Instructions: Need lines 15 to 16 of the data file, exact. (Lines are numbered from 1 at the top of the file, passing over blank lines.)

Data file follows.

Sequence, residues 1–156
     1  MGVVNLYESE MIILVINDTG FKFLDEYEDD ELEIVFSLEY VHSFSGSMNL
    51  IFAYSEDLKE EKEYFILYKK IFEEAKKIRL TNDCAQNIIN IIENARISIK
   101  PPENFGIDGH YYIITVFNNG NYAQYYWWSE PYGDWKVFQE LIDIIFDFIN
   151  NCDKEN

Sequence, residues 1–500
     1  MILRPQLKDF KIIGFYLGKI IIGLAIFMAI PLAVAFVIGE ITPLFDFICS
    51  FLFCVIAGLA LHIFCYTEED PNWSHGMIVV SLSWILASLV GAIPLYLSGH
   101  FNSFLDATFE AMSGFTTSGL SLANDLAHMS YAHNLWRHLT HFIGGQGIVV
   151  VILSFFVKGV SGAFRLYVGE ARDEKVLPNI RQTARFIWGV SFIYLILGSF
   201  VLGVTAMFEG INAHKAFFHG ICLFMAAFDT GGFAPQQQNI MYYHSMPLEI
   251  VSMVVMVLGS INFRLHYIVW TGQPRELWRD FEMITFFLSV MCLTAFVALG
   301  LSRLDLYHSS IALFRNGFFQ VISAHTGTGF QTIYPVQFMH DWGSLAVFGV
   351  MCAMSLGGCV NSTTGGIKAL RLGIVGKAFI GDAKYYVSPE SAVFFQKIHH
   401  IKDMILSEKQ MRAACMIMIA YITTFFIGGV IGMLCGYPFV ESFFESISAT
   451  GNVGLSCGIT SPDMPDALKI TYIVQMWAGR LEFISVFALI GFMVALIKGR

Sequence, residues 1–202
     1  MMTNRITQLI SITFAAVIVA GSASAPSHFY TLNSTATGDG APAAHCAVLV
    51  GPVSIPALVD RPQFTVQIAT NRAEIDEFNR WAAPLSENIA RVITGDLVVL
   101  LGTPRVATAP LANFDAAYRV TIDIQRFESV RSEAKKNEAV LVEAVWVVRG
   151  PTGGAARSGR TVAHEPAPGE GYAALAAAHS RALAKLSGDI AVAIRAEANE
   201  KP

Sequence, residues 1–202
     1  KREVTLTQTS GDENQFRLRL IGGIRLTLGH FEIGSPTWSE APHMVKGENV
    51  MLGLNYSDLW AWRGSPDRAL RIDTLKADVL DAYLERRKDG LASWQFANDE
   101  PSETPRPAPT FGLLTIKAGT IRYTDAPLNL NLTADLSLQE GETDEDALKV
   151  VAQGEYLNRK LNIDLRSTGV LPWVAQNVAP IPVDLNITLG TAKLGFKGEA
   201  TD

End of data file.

   401  IKDMILSEKQ MRAACMIMIA YITTFFIGGV IGMLCGYPFV ESFFESISAT
   451  GNVGLSCGIT SPDMPDALKI TYIVQMWAGR LEFISVFALI GFMVALIKGR